Discovering Texas Wines
Wichita Falls Winery
Wichita Falls Winery's Alton and Lana Gates
Alton Gates is a dichotomy.
On the one hand, he's enough of a risk-taker that he and his wife, Lana, opened the Wichita Falls Vineyards and Winery because a television show made wine making look like fun. On the other hand, he buys 50 percent of his fruit from out of state just in case the Texas crop is damaged by the state's unpredictable weather.
"We started making wine in 2001," he explains. "In 2003 I was part of a downsizing at TXU (Energy Corp.) so I had to make a decision about whether I was going to look for another job or go into the winery business full time. We'd already put so much time and money into the winery I decided to stay with it." The husband and wife opened their winery in the fall of that year. It wasn’t the original plan for the land.
"I was watching TV one day and there was a guy who'd gone to France for two years to learn how to grow grapes and make wine and he said Texas was a good place to grow grapes. I thought, 'I like wine. That might be fun.' That's how it got started.
"I didn't have any winemaking experience before that. I took a couple of enology courses at Grayson (Community College) and worked with a couple of other winemakers but most of what I've learned has just been trial and error."
Gates planted his first grapevines, in what he calls his "test orchard," in 1997 after a vacation in California. "We bought 42 plants while we were out there, brought them home in a suitcase and planted them. They did so well that we planted the rest of the vineyard the next year."
Wichita Falls Falls Winery's WinesToday the Gates' have just under four acres of vines at the winery and another 30 acres in west Texas where they grow Cabernet Sauvignon, Sangiovese, Merlot, Chenin Blanc, Ruby Cabernet, Chardonnay and Zinfandel grapes.
The winery produces 15 wines under two labels. The Wichita Falls line is made entirely from Texas-grown grapes. The Gates Winery wines are made with fruit from outside Texas. "We don't buy juice," Gates says. "We buy fruit, usually about 100 tons a year, from California and New Mexico. The reason we buy fruit is sort of as a backup. This year, for example, we had a hard freeze around Easter and that destroyed a lot of our fruit. We're just too subject to late freezes and hailstorms so we do it as an insurance policy. If everything gets wiped out here, we still have to have fruit to make a living and we don't want to go out on the open market and start buying bulk wine. Our wine is probably 50 percent Texas grapes and 50 percent other states. Consumers have a right to know what kind of wine they're buying and we're very up-front about it. That's why we have two different labels."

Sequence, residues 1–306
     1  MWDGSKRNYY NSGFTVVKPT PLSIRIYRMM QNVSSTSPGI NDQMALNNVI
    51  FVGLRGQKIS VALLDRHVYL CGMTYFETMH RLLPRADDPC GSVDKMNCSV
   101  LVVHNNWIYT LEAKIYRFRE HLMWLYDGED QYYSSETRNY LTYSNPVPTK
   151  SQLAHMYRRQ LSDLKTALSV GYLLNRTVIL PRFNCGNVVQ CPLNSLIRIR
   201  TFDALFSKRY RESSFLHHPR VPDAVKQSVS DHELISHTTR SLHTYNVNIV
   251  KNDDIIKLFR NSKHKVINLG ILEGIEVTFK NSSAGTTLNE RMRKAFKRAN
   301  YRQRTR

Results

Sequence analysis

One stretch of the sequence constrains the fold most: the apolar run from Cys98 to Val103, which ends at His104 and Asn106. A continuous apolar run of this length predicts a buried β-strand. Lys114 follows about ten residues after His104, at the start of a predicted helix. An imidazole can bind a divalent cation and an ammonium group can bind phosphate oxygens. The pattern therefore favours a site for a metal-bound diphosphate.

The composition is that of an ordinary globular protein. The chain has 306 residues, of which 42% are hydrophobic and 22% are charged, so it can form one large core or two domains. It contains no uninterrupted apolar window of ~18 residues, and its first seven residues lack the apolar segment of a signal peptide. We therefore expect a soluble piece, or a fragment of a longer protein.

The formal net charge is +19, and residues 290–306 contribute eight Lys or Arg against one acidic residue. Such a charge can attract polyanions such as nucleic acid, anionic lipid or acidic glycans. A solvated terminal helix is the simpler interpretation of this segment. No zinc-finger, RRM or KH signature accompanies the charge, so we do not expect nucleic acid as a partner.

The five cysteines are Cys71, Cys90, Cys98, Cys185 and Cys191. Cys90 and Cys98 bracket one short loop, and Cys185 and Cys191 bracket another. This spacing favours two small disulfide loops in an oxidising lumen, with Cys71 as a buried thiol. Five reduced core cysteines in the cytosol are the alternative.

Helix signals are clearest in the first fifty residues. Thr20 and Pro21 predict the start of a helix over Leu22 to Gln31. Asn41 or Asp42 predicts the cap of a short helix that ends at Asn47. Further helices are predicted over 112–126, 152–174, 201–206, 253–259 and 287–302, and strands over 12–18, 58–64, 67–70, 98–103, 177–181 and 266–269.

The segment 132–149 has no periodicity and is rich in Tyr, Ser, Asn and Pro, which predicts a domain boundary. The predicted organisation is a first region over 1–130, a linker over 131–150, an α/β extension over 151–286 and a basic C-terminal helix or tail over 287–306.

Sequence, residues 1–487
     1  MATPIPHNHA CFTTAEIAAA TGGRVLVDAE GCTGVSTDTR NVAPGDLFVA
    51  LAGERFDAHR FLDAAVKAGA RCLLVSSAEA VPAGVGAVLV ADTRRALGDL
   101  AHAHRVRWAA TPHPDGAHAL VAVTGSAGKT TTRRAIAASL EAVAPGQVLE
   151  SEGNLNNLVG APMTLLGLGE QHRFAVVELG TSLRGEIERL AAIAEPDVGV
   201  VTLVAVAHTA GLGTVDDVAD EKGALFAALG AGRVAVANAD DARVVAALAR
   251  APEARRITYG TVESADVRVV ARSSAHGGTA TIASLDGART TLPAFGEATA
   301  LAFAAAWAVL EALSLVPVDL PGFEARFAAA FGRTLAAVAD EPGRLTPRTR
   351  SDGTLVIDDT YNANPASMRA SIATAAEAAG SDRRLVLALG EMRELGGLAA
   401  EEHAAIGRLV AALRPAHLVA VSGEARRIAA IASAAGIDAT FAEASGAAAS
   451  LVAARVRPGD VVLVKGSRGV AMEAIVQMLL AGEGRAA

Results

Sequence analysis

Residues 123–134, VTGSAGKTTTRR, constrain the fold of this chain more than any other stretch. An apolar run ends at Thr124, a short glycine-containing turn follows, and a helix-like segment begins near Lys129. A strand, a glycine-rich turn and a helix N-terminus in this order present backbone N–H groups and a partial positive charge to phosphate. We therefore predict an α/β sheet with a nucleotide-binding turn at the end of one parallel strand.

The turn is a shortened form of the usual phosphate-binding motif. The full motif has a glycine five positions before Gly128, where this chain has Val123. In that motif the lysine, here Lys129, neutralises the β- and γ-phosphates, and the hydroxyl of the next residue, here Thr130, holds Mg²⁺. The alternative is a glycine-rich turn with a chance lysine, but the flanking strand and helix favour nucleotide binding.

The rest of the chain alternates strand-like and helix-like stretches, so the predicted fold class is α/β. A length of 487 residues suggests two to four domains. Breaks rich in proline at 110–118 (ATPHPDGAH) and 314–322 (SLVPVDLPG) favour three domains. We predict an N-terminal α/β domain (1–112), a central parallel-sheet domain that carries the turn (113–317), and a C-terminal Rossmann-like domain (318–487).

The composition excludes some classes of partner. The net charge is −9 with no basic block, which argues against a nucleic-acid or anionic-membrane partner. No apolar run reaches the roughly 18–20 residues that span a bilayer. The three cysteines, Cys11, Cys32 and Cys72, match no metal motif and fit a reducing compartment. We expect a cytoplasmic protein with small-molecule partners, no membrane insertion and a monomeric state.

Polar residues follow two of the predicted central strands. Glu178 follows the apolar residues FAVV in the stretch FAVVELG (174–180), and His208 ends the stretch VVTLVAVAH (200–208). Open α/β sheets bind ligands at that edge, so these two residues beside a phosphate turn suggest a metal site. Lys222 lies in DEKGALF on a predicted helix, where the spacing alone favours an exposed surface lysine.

Wichita Red, a slightly sweet blend of Zinfandel, Cabernet Sauvignon and Sangiovese, is the winery's best seller. It won the bronze medal at the Texas Best Wine Competition in 2005, a bronze at the 2005 Dallas Morning News Wine Contest, another bronze at the Texas Open in 2004 and the 2007 Gold Medal at the Lone Star Competition. It also won the People's Choice Award at the Red Rive Wine Festival in 2007. A blush wine with three percent residual sugar is also popular, winning a bronze medal at the San Antonio Express News' 2005 wine competition.
Gates says he prefers to make a fruit-forward wine. All of his red wines are barrel-aged but the whites are all held in stainless steel. "The oak is just too overpowering for the whites," he explains.
The winery produces 18,000 cases a year, a number Gates is considering reducing. "We're self-distributed. Our wines are available from Amarillo to Marshall and from the Red River down to Beaumont and Houston. We're in the Hill Country and San Antonio too. I spend a lot of time on the road. If we picked up a distributor then we might consider getting bigger but I think we'd be pretty comfortable making 10,000 to 12,000 cases a year. If we were to get any bigger, we'd have to have a bigger facility. I probably spend half my time now just moving stuff around so I can work."
Gates says the greatest satisfaction in making wine is the reaction he gets from consumers. "I like making the wine more than growing the grapes. I like making something people enjoy. We have a lot of people come into the winery who start tasting the wine and you'll see this strange expression on their faces. When you ask them what's wrong, they say, 'We have a problem. Usually we try to fine one wine we like. Here we're trying to find one we don't like.'
"It's pretty gratifying to walk into a liquor store or a grocery store and see your label on the shelf too. There are a lot of wines out there. That's not an easy sell."
Caldo de Res (Mexican Beef Soup)
Heat a heavy soup pot over medium-high heat until very hot. Add the oil, tilting the pan to coat the bottom. Add the meat and bones, and season with salt and pepper. Cook and stir until thoroughly browned.
Add 1 onion, and cook until onion is also lightly browned. Stir in the tomatoes and broth. The liquid should cover the bones by 1/2 inch. If not, add enough water to compensate. Reduce heat to low, and simmer for 1 hour with the lid on loosely. If meat is not tender, continue cooking for another 10 minutes or so.
Pour in the water, and return to a simmer. Add the carrot and 1/4 cup cilantro, and cook for 10 minutes, then stir in the potato, corn and chayote. Simmer until vegetables are tender. Push the cabbage wedges into the soup, and cook for about 10 more minutes. Ladle soup into large bowls, including meat vegetables and bones. Garnish with jalapenos, minced onion, and additional cilantro. Squeeze lime juice over all, and serve with radishes.
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